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ERIC Number: ED381821
Record Type: RIE
Publication Date: 1995-Apr
Pages: 21
Abstractor: N/A
Reference Count: N/A
Public Address, Cultural Diversity, and Tolerance: Teaching Cultural Diversity in Speech Classes.
Byrd, Marquita L.
While speech instructors work to design appropriate diversity goals in the public speaking class, few have the training for such a task. A review of course objectives and assignments for the basic course may be helpful. Suggestions for instructors working to incorporate diversity in the basic course include: (1) recognize the dominance of the Eurocentric perspective in teaching communication skills; (2) become aware of the problems facing students of color and students from foreign countries; (3) work toward a communication theory that is generalizable to the entire English language community; and (4) try to utilize the various cultural experiences of the students in the class. A few specific goals for fostering sensitivity to cultural diversity center on three areas, the cognitive, affective and behavioral. Instructors must strive to reduce language imperialism--the assumption that one language or variety of a language is better than another. They must also work to render objective and fair assessments of student work regardless of their race or ethnicity. Assignments for the basic course ask students to build their speech topics around a number of areas: race, ethnicity, gender, sexual orientation, religion, age, class, and disability. Students could be asked to explore their own ethnicity and culture. The Tolerance for Human Diversity Inventory (THDI), tested and found to be reliable and easy to administer, can be used as a pre- or posttest to determine the amount of change in tolerance after the course is completed. (Contains a figure with the inventory questions and 26 references.) (TB)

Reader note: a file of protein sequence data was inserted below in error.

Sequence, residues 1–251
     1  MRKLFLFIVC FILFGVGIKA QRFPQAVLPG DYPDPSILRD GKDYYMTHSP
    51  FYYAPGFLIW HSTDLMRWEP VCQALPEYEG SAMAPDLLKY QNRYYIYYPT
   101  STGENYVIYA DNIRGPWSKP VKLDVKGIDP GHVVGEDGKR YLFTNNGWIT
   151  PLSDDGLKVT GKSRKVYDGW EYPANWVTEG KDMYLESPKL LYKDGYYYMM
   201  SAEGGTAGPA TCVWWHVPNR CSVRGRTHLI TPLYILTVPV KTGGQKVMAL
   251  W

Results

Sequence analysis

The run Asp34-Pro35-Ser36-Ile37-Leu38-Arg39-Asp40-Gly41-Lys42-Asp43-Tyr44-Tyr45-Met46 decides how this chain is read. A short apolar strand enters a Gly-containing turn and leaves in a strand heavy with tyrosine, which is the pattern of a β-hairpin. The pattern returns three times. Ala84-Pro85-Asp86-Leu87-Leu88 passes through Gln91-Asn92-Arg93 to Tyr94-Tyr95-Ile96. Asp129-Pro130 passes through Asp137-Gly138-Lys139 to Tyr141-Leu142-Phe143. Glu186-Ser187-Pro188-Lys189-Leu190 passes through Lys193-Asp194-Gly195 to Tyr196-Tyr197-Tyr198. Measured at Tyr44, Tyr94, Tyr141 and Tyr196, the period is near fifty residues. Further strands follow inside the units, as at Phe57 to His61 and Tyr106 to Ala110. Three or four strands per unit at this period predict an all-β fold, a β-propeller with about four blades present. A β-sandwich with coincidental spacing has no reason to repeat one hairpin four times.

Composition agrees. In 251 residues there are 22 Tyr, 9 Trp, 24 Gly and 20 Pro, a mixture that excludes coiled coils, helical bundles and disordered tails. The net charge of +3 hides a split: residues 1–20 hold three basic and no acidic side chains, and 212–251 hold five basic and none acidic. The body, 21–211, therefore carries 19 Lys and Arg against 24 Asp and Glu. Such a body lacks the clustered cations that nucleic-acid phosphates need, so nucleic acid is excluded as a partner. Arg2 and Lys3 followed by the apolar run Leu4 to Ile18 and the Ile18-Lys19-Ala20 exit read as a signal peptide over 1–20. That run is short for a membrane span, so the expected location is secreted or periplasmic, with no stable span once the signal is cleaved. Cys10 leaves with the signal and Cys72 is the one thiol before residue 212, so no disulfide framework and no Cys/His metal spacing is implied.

Publication Type: Opinion Papers; Speeches/Meeting Papers; Guides - Classroom - Teacher
Education Level: N/A
Audience: N/A
Language: English
Sponsor: N/A
Authoring Institution: N/A
Identifiers: Cultural Sensitivity; Tolerance
Note: Paper presented at the Western Social Science Association Annual Conference (37th, Oakland, CA, April 1995).